FAQs: The Safety of Plastic Beverage Bottles

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To help assure the safety of our food, the U.S. Food and Drug Administration carefully reviews food and beverage packaging materials, including plastics for beverage bottles, before allowing them on the market.

Most convenience-size beverage bottles sold in the United States are made from polyethylene terephthalate (PET). PET has become the material of choice for bottled beverages because it is lightweight and shatter resistant, and PET has been extensively tested for safety. Bottles made with PET are widely used for everything from water and fruit juice to soft drinks and even beer.

When consumers choose to refill and reuse convenience-size plastic bottles, should they be concerned about potentially harmful bacteria?
Not if they clean their plastic bottles between uses just as they would other drinking containers. Plastics are by nature extremely sanitary materials, and plastic bottles are no more likely to harbor bacteria than other kinds of packaging or drinking containers. Bacteria thrive in warm, moist environments. Once bacteria have been introduced, virtually any drinking container (coffee mugs, drinking glasses, serving pitchers, etc.) becomes a suitable environment for bacterial growth.

Consumers should clean any drinking container with hot soapy water and dry thoroughly between uses. Bottles specifically designed for extended reuse are often made with wide openings that allow consumers to use cleaning instruments and easily dry them.

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What about the University of Calgary study?
A University of Calgary study found bacteria in water samples taken from bottles that were refilled by elementary school students without being cleaned. The author of the study concluded that the source of the bacteria was inadequate personal hygiene practices on the part of students reusing the bottles. The fact that the bottles in this particular study were plastic is irrelevant.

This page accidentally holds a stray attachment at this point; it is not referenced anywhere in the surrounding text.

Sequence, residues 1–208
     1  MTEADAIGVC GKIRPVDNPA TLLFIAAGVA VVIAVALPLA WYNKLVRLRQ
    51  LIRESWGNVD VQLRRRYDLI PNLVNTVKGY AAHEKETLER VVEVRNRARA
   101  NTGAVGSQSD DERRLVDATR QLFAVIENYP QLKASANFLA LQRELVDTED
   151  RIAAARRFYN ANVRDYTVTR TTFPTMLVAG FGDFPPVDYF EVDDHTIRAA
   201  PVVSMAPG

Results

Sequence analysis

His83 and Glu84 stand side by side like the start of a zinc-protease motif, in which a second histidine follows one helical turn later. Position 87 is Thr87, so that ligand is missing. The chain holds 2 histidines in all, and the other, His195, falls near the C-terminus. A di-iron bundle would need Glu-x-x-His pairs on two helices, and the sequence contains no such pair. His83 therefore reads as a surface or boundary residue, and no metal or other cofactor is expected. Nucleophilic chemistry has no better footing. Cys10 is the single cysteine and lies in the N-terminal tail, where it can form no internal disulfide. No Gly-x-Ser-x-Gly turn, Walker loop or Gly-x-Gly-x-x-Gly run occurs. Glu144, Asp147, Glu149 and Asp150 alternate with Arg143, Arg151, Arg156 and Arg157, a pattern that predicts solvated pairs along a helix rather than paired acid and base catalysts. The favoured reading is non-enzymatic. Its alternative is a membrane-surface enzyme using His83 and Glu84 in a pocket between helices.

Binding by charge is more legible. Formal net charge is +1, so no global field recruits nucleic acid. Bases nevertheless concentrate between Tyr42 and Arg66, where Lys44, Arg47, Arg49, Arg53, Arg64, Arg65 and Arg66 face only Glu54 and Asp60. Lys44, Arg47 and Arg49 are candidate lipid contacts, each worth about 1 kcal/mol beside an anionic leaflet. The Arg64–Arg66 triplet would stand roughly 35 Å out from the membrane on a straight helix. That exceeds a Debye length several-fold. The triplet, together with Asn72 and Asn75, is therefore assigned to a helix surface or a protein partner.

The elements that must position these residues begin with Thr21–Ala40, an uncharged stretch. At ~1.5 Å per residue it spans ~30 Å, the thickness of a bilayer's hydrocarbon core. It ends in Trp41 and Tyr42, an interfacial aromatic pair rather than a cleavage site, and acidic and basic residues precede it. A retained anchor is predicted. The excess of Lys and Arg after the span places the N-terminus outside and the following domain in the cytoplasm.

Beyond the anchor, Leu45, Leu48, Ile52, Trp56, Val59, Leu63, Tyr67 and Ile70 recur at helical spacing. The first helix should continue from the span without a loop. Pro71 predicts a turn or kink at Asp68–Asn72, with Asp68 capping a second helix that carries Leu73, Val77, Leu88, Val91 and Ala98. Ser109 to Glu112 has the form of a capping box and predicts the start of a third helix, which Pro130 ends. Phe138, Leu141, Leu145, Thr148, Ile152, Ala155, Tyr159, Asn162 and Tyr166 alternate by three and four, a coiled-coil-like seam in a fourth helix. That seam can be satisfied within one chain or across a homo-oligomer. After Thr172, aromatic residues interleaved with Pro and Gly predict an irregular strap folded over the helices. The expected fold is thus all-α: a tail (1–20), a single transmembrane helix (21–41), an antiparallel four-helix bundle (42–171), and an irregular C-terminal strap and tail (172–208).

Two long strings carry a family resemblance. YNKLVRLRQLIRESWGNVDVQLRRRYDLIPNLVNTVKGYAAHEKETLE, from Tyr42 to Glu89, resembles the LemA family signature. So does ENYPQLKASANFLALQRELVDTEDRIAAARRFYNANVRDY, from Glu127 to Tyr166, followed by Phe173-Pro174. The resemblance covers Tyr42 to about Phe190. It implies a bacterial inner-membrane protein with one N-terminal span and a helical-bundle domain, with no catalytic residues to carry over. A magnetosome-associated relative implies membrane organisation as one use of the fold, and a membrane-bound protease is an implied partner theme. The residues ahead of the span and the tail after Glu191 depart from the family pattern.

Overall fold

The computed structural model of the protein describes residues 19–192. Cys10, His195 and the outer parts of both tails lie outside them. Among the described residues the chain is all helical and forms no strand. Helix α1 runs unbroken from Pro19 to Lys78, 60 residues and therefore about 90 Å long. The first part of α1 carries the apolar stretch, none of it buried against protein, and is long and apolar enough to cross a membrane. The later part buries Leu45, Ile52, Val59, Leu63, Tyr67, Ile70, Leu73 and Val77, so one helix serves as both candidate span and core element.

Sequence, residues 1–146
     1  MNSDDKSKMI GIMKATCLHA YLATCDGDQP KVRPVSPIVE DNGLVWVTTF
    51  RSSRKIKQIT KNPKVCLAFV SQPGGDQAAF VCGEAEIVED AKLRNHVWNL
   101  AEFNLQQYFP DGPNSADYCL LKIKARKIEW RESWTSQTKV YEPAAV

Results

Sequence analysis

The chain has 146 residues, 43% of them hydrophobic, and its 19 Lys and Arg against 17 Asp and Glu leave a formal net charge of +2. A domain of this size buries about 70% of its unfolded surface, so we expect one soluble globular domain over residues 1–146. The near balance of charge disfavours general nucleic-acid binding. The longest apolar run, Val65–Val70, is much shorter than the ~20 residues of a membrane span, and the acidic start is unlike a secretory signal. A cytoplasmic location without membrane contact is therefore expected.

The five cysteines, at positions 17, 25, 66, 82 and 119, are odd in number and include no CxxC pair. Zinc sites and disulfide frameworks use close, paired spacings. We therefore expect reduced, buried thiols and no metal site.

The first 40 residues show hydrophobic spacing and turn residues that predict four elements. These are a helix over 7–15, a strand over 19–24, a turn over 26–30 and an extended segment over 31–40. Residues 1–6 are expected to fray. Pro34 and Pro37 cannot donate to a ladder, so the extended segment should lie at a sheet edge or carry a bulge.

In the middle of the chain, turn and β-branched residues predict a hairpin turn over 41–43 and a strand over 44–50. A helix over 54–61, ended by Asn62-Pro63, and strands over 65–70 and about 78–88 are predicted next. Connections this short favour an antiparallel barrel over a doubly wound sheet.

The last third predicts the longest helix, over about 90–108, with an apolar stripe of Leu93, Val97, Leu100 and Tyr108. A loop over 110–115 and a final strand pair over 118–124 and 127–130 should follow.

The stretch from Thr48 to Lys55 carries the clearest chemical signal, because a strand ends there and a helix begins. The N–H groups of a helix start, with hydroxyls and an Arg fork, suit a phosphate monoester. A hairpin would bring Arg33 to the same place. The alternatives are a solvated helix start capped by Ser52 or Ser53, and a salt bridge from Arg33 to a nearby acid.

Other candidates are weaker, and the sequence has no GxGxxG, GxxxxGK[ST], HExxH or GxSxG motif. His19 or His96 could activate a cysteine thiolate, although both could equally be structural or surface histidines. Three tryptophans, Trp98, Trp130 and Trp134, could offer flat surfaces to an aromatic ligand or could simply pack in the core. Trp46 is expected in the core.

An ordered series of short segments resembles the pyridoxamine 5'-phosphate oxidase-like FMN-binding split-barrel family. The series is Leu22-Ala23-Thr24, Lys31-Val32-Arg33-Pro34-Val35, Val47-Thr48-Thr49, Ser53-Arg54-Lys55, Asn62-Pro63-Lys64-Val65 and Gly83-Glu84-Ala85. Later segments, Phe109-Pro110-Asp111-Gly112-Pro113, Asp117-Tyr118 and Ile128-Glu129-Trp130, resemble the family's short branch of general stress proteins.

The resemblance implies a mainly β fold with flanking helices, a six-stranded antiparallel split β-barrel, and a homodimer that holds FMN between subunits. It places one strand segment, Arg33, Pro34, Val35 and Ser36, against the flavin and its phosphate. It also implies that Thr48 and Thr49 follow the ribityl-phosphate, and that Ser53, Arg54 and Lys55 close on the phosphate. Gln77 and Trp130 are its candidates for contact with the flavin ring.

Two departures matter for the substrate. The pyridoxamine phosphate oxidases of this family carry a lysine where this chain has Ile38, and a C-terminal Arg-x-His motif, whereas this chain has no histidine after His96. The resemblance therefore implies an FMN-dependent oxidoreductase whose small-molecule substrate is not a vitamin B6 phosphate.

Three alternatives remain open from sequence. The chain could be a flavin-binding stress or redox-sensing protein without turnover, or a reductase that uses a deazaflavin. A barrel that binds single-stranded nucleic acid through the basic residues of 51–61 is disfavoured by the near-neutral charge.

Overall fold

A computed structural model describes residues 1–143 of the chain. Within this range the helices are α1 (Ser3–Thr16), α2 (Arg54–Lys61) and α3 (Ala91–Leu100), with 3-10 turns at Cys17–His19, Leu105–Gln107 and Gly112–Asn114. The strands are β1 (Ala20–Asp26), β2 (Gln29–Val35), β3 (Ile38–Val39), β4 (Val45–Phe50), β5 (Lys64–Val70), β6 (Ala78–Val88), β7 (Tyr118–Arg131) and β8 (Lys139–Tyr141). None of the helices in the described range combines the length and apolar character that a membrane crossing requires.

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How do I know that the plastic in my bottle is safe?
Consumers can be confident that the U.S. Food and Drug Administration carefully reviews new substances intended for food contact before allowing them on the market. This includes materials, like plastics, intended for food and beverage packaging. Both plastics and plastic additives are subject to FDA review and regulations.

New packaging materials are permitted for food use only after FDA reviews the submitted test data and is satisfied that they are safe for their intended use. As part of its review, FDA assesses the migration potential of plastics and the substances with which they are made. Scientific tests are conducted to establish that there is a minimal amount of transfer between a plastic package and the food it contains and that any transfer does not pose a risk to human health.

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Will a plastic bottle leach harmful substances into water if I reuse it?
Most convenience-size beverage bottles sold in the U.S. are made from polyethylene terephthalate (PET). The FDA has determined that PET meets standards for food-contact materials established by federal regulations and therefore permits the use of PET in food and beverage packaging for both single use and repeated use. FDA has evaluated test data that simulate long-term storage and that support repeated use.

The toxicological properties of PET and any compounds that might migrate under test conditions have also been well studied. The results of these tests demonstrate that PET is safe for its intended uses. (For details, see The Safety of Polyethylene Terephthalate.)

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What about the student project that claimed to have found unhealthy compounds in water samples from reused bottles?